Conference: Adapting to Changing Skill Needs
10 July 2017 OECD Conference Centre, Paris
In an era of fast changing skill demands, it is increasingly more important to understand and react to possible skills imbalances. The new OECD Skills for Jobs Database provides information about skills shortages, surpluses and mismatch across a wide range of countries. A set of country-specific reports provide evidence on the policies that have been implemented to address existing or anticipated imbalances.
Skills for jobs dataviz
What are the skills most in shortage in your country? What occupations use those skills the most? The OECD Skills for Jobs Indicators provide information about skills shortages and surpluses across countries. Also see what occupations are more in demand in your country. Explore the visualisation by clicking on the banner below:
The Conference, hosted by OECD, marked the end of the project on ‘Adapting to Changing Skill Needs’, conducted within the Employment, Labour and Social Affairs Directorate and supported by the JPMorgan Chase Foundation. This event showcased the main output of the project, the OECD Skills for Jobs Indicators – a cross-country database providing detailed information about the skill needs of the labour markets in all EU countries and South Africa. The event was interactive and centred on the policy relevance and potential use of skill needs indicators to steer the planning and provision of education, lifelong learning and on-the-job training. It also provided an opportunity for the discussion of best practice to address skill shortages and mismatch among key stakeholders.
The event brought together about 100 key stakeholders and practitioners in the area of skills assessment and management. Including, policy makers, employers, unions, training providers and academics. A particularly prominent role was given to the views of those in charge of employment and education policies, employers, recruitment firms, public and private training providers, as well as social partners. Invitations were also sent to over 35 delegations comprising of OECD Member States and close partners, OECD staff working on skills-related issues, and representative of other key international organisations. Participants discussed the relevance of the OECD Skills for Jobs database, present illustrative practices and discuss remaining knowledge gaps to develop a roadmap going forward.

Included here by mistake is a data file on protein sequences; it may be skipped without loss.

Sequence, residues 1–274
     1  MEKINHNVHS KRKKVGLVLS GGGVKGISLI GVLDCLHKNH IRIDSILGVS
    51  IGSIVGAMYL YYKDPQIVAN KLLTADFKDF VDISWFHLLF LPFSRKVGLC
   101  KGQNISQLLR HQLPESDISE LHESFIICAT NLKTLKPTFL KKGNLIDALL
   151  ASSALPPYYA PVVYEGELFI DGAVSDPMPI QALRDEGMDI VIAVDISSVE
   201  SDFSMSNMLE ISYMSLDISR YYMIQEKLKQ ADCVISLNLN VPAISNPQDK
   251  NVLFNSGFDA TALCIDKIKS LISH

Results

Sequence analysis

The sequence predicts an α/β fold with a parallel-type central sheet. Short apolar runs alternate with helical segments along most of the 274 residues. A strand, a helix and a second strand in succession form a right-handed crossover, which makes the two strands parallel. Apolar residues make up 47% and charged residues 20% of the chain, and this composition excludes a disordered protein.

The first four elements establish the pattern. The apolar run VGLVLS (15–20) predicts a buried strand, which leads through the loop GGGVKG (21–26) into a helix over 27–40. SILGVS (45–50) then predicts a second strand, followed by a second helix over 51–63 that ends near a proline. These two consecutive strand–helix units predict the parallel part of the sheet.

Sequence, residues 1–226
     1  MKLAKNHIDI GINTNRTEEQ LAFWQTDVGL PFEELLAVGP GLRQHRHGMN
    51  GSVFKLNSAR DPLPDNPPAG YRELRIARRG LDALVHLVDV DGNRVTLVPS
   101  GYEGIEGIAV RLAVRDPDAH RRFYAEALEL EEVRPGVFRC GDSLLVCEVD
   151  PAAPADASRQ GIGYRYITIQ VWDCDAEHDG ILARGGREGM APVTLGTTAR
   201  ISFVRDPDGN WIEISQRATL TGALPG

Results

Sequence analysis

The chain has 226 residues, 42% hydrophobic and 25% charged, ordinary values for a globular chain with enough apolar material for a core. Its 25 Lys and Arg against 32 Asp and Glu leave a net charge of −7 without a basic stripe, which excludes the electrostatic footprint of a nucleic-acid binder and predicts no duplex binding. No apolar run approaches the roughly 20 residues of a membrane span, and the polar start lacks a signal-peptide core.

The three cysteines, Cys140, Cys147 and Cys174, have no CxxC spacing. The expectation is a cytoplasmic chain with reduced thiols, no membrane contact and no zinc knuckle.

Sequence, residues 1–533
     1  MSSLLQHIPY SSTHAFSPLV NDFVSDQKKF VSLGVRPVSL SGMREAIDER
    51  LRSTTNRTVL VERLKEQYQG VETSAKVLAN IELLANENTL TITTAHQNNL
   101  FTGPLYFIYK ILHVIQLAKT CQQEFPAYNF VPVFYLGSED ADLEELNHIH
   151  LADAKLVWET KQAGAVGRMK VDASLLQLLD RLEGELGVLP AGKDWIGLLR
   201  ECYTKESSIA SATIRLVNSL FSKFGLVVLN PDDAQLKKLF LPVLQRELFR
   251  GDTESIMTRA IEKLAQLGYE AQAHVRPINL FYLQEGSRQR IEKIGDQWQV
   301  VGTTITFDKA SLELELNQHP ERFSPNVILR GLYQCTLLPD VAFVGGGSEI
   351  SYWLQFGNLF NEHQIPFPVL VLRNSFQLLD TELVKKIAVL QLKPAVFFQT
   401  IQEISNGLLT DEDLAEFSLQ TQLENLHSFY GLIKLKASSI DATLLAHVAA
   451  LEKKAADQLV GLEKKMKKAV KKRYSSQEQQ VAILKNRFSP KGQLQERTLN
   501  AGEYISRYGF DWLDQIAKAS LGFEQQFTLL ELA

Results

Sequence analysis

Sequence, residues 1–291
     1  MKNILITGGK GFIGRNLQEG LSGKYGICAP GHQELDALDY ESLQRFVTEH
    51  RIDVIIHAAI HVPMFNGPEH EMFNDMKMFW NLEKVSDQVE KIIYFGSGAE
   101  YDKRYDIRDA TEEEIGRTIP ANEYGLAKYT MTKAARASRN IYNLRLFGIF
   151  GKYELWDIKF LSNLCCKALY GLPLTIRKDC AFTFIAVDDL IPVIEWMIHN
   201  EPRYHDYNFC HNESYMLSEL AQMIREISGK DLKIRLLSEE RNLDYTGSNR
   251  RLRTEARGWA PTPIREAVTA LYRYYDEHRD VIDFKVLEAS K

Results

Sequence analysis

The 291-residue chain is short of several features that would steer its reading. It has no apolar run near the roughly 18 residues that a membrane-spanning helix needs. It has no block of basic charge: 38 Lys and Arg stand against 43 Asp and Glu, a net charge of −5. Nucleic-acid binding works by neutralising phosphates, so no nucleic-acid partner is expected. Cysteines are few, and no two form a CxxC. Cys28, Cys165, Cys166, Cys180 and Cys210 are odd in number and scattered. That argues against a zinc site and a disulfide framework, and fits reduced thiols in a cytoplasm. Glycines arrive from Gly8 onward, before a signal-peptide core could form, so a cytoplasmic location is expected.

The conference took place at the OECD Conference Centre, Room CC1.
Aims and objectives:
This event provided a high-level forum for the presentation and discussion of:
(1) How skill needs data can inform policy making and on-the-job training provision;
(2) How to increase the responsiveness of training systems to changing skill needs;
(3) What role for employers in training provision to address skill shortages and tackle skill mismatches; and
(4) Remaining knowledge gaps and further work ahead.
In addition to the above the event created an excellent opportunity for networking and establishing a sustainable network of partner and stakeholder organisations.
These short 2-page country profiles provide a high level overview of skill imbalances. They also show occupational groups based on their similarities providing a picture of how workers can move from jobs in surplus to those in shortage.
For futher information, please contact the OECD Skills and Employability Division: